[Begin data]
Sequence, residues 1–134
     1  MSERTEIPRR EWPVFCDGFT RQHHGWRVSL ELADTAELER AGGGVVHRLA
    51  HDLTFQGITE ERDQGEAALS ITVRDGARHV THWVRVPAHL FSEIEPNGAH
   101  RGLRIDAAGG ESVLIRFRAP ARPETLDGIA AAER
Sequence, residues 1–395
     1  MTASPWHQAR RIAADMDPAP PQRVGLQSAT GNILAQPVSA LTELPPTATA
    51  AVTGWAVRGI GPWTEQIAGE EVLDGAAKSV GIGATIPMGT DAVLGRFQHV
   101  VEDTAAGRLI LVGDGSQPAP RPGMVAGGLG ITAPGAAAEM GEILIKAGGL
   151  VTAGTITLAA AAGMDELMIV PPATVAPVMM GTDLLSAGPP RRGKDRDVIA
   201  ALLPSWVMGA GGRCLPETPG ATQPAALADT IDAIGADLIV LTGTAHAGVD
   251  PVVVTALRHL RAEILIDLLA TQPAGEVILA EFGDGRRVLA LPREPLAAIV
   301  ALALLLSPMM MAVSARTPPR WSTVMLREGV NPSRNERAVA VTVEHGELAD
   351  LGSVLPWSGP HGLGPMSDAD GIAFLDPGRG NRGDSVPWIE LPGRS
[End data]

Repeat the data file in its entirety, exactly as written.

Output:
Sequence, residues 1–134
     1  MSERTEIPRR EWPVFCDGFT RQHHGWRVSL ELADTAELER AGGGVVHRLA
    51  HDLTFQGITE ERDQGEAALS ITVRDGARHV THWVRVPAHL FSEIEPNGAH
   101  RGLRIDAAGG ESVLIRFRAP ARPETLDGIA AAER
Sequence, residues 1–395
     1  MTASPWHQAR RIAADMDPAP PQRVGLQSAT GNILAQPVSA LTELPPTATA
    51  AVTGWAVRGI GPWTEQIAGE EVLDGAAKSV GIGATIPMGT DAVLGRFQHV
   101  VEDTAAGRLI LVGDGSQPAP RPGMVAGGLG ITAPGAAAEM GEILIKAGGL
   151  VTAGTITLAA AAGMDELMIV PPATVAPVMM GTDLLSAGPP RRGKDRDVIA
   201  ALLPSWVMGA GGRCLPETPG ATQPAALADT IDAIGADLIV LTGTAHAGVD
   251  PVVVTALRHL RAEILIDLLA TQPAGEVILA EFGDGRRVLA LPREPLAAIV
   301  ALALLLSPMM MAVSARTPPR WSTVMLREGV NPSRNERAVA VTVEHGELAD
   351  LGSVLPWSGP HGLGPMSDAD GIAFLDPGRG NRGDSVPWIE LPGRS